316 F2d 371 New York Mailers' Union No International Typographical Union v. National Labor Relations Board
316 F.2d 371
NEW YORK MAILERS' UNION NO. 6, INTERNATIONAL TYPOGRAPHICAL UNION, AFL-CIO, Petitioner,
NATIONAL LABOR RELATIONS BOARD, Respondent.
United States Court of Appeals District of Columbia Circuit.
Argued December 3, 1962.
Decided February 14, 1963.
Mr. Gerhard P. Van Arkel, Washington, D. C., with whom Mr. George Kaufmann, Washington, D. C., was on the brief, for petitioner.
Mr. Melvin J. Welles, Atty., National Labor Relations Bd., of the bar of the Court of Appeals of New York, pro hac vice, by special leave of court, with whom Messrs. Stuart Rothman, General Counsel, Dominick L. Manoli, Associate Gen. Counsel, and Marcel Mallet-Prevost, Asst. Gen. Counsel, National Labor Relations Bd., were on the brief, for respondent. Mr. James C. Paras, Atty., National Labor Relations Bd., also entered an appearance for respondent.
Before BAZELON, Chief Judge, and EDGERTON and FAHY, Circuit Judges.
EDGERTON, Circuit Judge.
Having struck the Neo-Gravure Printing Company plant in Weehawken, New Jersey, the Union forbade all its members to handle Sunday supplements printed by Neo-Gravure for three New York City newspapers. In March 1961, on petition of the National Labor Relations Board's Regional Director, the District Court for the Southern District of New York issued a preliminary injunction against the Union under 29 U.S.C. § 160 (l). Kaynard for and on behalf of N. L. R. B. v. New York Mailers Union, D.C., 191 F.Supp. 880. In March 1962, the Board ordered the Union (a) to cease inducing "any individual employed by any person engaged in * * * an industry affecting commerce, including employees of" the three newspapers, to refuse to use or handle "materials or products * * * with an object of forcing or requiring any person," including the three newspapers, to cease doing business with Neo-Gravure or to cease handling its products, "or with an object of forcing or requiring Neo-Gravure" to "recognize or bargain with" the Union unless it "has been certified as the representative of such employees"; and (b) to cease "Threatening, coercing, or restraining any person * * * in an industry affecting commerce," including the three newspapers, "with an object of having them cease doing business with Neo-Gravure * * * or to cease handling or otherwise dealing in the products of Neo-Gravure * * * or with an object of forcing or requiring Neo-Gravure * * * to recognize or bargain with" the Union unless "certified as the representative of such employees". In support of the order, the Board found that the Union had violated the corresponding provisions of §§ 8(b) (4) (i) (B) and 8 (b) (4) (ii) (B) of the National Labor Relations Act as amended, 73 Stat. 542 (1959), 29 U.S.C., Supp. III, § 158.136 NLRB No. 19.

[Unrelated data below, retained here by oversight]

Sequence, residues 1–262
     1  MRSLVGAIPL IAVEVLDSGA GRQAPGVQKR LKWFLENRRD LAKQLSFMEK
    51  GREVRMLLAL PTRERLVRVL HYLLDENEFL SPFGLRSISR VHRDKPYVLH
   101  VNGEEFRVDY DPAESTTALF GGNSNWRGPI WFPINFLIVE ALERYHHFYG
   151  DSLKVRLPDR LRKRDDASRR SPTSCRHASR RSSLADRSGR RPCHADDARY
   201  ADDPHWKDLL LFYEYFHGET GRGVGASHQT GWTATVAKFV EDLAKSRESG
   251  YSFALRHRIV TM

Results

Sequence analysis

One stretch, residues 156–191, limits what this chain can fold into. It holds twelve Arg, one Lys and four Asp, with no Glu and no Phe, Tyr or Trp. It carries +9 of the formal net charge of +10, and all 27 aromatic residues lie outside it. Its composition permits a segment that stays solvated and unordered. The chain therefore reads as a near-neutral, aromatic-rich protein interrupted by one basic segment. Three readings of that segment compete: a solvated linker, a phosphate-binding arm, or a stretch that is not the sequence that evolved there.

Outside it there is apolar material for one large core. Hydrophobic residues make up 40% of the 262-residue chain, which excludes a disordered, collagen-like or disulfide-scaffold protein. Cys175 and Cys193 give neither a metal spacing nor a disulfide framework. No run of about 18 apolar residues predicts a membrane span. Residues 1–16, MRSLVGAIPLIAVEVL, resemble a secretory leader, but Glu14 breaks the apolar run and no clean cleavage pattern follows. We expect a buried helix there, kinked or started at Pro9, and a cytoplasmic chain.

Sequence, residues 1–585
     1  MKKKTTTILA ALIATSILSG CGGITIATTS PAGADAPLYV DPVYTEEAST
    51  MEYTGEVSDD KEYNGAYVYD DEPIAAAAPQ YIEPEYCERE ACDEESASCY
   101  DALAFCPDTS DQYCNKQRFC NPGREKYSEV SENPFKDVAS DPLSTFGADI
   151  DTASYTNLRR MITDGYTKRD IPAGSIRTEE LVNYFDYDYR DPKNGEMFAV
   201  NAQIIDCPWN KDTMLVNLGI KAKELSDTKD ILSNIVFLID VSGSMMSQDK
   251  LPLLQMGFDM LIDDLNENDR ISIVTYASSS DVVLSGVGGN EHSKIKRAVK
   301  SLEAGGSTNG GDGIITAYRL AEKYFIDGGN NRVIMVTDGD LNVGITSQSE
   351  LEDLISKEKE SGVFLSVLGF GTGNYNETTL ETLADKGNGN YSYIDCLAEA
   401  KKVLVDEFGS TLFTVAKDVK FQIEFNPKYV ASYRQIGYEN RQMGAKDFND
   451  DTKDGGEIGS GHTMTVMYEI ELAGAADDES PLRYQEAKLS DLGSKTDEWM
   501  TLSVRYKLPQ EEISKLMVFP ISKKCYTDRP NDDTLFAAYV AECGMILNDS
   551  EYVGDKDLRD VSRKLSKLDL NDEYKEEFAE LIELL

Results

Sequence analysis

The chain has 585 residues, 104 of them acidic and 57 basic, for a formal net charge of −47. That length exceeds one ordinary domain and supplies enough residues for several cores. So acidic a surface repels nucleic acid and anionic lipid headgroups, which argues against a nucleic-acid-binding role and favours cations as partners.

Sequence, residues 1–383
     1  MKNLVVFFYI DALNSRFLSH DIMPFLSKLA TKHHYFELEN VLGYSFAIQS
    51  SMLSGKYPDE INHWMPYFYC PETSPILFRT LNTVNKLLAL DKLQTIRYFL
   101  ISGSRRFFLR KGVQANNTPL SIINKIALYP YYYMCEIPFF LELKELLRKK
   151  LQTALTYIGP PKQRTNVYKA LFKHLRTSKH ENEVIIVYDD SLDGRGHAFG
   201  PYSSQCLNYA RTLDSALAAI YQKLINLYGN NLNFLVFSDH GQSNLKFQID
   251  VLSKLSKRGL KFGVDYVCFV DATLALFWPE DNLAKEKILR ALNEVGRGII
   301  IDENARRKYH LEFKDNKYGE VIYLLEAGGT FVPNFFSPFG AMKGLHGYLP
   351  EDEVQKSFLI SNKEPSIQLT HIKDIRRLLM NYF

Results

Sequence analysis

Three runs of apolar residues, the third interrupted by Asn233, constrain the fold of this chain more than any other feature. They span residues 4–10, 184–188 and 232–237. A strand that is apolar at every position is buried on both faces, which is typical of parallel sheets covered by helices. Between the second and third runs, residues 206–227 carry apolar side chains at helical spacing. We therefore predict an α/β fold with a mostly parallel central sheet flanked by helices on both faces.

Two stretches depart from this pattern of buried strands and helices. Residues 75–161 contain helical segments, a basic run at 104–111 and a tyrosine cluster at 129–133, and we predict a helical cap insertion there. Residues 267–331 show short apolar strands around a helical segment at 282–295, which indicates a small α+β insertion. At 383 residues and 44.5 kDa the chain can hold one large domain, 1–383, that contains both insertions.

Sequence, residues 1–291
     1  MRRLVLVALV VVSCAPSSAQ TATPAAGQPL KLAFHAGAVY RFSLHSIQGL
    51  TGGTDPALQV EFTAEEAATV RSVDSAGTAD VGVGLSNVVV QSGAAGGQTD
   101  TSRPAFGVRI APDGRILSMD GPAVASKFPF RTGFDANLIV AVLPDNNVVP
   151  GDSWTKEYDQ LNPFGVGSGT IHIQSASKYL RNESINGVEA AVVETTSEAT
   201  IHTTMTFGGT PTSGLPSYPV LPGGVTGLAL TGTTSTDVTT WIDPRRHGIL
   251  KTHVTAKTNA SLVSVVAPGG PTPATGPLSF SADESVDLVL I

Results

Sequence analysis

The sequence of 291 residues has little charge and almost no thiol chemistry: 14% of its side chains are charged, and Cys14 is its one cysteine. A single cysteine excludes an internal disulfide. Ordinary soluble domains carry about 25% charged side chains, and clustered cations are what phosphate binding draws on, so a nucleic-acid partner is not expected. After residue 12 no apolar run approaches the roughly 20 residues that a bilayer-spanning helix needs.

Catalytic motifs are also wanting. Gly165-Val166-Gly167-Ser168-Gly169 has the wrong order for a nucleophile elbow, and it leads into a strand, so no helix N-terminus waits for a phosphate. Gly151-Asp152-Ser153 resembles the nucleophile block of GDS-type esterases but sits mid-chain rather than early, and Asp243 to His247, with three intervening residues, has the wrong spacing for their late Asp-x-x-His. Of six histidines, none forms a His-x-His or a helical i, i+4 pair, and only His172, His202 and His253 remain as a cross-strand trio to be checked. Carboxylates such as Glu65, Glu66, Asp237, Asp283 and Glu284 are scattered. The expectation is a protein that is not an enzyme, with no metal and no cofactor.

The Union asks us to set aside the Board's order and the Board asks us to enforce it. Most of the facts are undisputed.
The Union's "object" may be inferred from its acts. Local 761, Electrical Workers v. National Labor Relations Board, 366 U.S. 667, 674, 81 S.Ct. 1285, 6 L.Ed.2d 592 (1961). Cf. Los Angeles Mailers Union v. National Labor Relations Board, 114 U.S.App.D.C. ___, 311 F.2d 121 (1962). The Union urges that § 8(b) (4) of the Act impliedly excepts refusals to handle "struck work". But the cited legislative history shows at most an intent to preserve an "exception" regarding farmed-out struck work. Such work is not strictly an exception. Farming-out extends the primary situs to the second employer. In the present case, the Neo-Gravure plant continued to be the only primary situs. The Act intends to confine labor disputes to their primary situs. Cf. Local 1976, Carpenters Union v. National Labor Relations Board, 357 U.S. 93, 100, 78 S.Ct. 1011, 2 L.Ed.2d 1186 (1958). The newspapers are secondary or neutral employers. It is immaterial that the same union represents employees of both the primary and the secondary employers, National Labor Relations Board v. Highway Truckdrivers, 300 F.2d 317 (3d Cir., 1962); that the union's contract says it need not handle struck work, Local 1976, Carpenters Union v. National Labor Relations Board, supra; and that other employees are available to handle the work, Los Angeles Mailers Union v. National Labor Relations Board, supra.
Though the Board did not find that the Union had violated the Act as against any employer except the three newspapers, it ordered the Union, within stated limits, to cease violations directed against "any person engaged in * * * an industry affecting commerce * * *" "We think the order should be modified * * * to correspond to the violations actually found to have been committed." United Steelworkers of America, AFL-CIO v. National Labor Relations Board, 111 U.S. App.D.C. 60, 64, 294 F.2d 256, 260 (1961). Communications Workers of America v. National Labor Relations Board, 362 U.S. 479, 480, 80 S.Ct. 838, 4 L.Ed.2d 896 (1960). As modified, the order will be enforced.